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Prehistoric copper pyrotechnology in the south-eastern Swiss Alps: an overview on previous and current research


Turck, Rouven; Della Casa, Philippe; Naef, Leandra (2014). Prehistoric copper pyrotechnology in the south-eastern Swiss Alps: an overview on previous and current research. Cahiers d'archéologie romande (CAR), 151:219-227.

Abstract

Since 2013 new archaeological studies undertaken by the Dept. of Prehistoric Archaeology at the University of Zurich have revisited previous research carried out since the 1970s in the Oberhalbstein region (Canton Grisons, Switzerland). The aim is to add an important area to the existing infor- mation regarding the production and use of Alpine copper during the Bronze and Iron Ages. South-eastern Switzerland is a key area because the existing information on prehisto- ric copper mining is still rather limited compared to Austria and northern Italy where corresponding projects have been ongoing for several decades. Hardly any traces of prehisto- ric mining and smelting structures have been recorded in detail, and prominent hypotheses – such as those regarding the origins of Early Bronze Age finished products discovered at the cemetery in Singen (D), or numerous bronze arte- facts dating from the 2nd and 1st millennia BC from the Swiss Plateau and from central and southern Alpine areas - still remain unconfirmed.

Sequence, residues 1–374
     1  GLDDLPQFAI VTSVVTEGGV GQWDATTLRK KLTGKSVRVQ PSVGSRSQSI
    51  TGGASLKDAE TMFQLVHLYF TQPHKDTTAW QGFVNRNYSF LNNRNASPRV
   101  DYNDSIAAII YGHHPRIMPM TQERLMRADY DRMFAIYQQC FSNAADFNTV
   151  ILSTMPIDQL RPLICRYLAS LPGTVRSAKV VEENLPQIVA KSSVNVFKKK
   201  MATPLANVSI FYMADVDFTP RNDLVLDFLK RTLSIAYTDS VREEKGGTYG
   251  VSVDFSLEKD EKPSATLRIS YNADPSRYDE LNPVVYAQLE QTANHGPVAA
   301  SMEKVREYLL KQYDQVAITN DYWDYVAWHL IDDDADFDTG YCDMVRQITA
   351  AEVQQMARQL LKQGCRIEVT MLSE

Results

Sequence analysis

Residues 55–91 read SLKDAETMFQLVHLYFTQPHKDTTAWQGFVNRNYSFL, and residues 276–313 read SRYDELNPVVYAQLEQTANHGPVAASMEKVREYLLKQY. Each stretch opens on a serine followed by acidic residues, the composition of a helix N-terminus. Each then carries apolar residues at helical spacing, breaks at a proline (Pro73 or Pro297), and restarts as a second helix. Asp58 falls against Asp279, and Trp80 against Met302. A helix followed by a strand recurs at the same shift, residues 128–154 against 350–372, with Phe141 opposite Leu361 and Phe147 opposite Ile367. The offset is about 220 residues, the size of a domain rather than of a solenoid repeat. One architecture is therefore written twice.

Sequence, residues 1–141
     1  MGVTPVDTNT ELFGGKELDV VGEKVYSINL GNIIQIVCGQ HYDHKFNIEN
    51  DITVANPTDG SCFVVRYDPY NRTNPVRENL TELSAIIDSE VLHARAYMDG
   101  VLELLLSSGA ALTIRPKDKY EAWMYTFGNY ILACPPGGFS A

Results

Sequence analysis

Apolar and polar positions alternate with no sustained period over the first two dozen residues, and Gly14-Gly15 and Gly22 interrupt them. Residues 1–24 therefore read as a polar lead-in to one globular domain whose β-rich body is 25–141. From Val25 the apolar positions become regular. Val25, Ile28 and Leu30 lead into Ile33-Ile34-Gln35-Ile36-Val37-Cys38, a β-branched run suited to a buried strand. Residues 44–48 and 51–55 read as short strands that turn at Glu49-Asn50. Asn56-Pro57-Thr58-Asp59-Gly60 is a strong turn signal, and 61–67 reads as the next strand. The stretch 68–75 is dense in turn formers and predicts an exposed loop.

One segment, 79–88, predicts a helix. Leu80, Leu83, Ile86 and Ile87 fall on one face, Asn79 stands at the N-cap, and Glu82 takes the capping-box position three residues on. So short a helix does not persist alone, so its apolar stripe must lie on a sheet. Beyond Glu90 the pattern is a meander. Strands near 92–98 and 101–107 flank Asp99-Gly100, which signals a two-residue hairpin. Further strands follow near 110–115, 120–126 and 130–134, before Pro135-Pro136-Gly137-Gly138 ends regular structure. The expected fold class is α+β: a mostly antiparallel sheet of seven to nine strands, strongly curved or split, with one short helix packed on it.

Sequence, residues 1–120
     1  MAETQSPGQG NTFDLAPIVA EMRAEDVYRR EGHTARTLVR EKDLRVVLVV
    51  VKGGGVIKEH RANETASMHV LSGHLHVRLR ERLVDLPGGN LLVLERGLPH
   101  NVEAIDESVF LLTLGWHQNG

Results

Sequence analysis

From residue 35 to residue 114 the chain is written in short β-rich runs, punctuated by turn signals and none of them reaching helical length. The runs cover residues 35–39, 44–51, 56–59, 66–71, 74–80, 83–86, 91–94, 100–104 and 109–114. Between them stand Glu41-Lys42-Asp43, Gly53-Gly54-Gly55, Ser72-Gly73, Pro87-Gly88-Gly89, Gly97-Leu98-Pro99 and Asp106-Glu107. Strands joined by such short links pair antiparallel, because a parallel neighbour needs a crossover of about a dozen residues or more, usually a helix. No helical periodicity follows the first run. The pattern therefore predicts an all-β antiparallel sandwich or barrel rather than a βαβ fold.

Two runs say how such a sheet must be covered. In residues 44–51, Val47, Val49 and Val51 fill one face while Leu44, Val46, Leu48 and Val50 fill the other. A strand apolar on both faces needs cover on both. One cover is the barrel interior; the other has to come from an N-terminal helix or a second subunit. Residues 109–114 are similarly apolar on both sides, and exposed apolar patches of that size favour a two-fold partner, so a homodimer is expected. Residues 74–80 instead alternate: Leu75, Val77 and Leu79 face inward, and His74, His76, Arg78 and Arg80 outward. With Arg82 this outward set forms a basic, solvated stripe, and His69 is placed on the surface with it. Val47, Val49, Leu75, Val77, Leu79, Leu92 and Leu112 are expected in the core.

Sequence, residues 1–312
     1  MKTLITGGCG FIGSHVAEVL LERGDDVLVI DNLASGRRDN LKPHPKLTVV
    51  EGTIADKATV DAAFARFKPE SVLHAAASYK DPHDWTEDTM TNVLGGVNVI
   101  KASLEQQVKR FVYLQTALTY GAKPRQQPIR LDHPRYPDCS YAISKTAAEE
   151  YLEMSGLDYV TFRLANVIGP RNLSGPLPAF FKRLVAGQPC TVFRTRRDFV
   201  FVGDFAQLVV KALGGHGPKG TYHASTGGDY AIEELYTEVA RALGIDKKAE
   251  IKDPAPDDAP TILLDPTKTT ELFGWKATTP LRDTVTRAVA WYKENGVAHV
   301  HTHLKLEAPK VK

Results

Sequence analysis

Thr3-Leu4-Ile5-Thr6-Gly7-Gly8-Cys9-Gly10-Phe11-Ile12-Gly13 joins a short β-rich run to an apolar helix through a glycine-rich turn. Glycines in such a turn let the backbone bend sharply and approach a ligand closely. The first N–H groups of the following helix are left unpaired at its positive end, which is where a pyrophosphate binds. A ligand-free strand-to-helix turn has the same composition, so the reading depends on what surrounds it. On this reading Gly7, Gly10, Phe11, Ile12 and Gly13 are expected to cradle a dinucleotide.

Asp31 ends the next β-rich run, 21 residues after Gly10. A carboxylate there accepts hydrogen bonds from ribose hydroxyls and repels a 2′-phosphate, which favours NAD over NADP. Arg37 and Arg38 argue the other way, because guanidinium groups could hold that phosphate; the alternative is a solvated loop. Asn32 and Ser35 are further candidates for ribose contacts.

Since 2013 new archaeological studies undertaken by the Dept. of Prehistoric Archaeology at the University of Zurich have revisited previous research carried out since the 1970s in the Oberhalbstein region (Canton Grisons, Switzerland). The aim is to add an important area to the existing infor- mation regarding the production and use of Alpine copper during the Bronze and Iron Ages. South-eastern Switzerland is a key area because the existing information on prehisto- ric copper mining is still rather limited compared to Austria and northern Italy where corresponding projects have been ongoing for several decades. Hardly any traces of prehisto- ric mining and smelting structures have been recorded in detail, and prominent hypotheses – such as those regarding the origins of Early Bronze Age finished products discovered at the cemetery in Singen (D), or numerous bronze arte- facts dating from the 2nd and 1st millennia BC from the Swiss Plateau and from central and southern Alpine areas - still remain unconfirmed.

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Additional indexing

Item Type:Journal Article, refereed, original work
Communities & Collections:06 Faculty of Arts > Institute of Archaeology
Dewey Decimal Classification:900 History
Language:English
Date:2014
Deposited On:05 Jan 2015 17:05
Last Modified:05 Apr 2016 18:41
Publisher:Association Pro Aventico
ISSN:1021-1713
Official URL:http://www.musees.vd.ch/fr/musee-darcheologie-et-dhistoire/publications/cahiers-darcheologie-romande-car/
Permanent URL: https://doi.org/10.5167/uzh-103031

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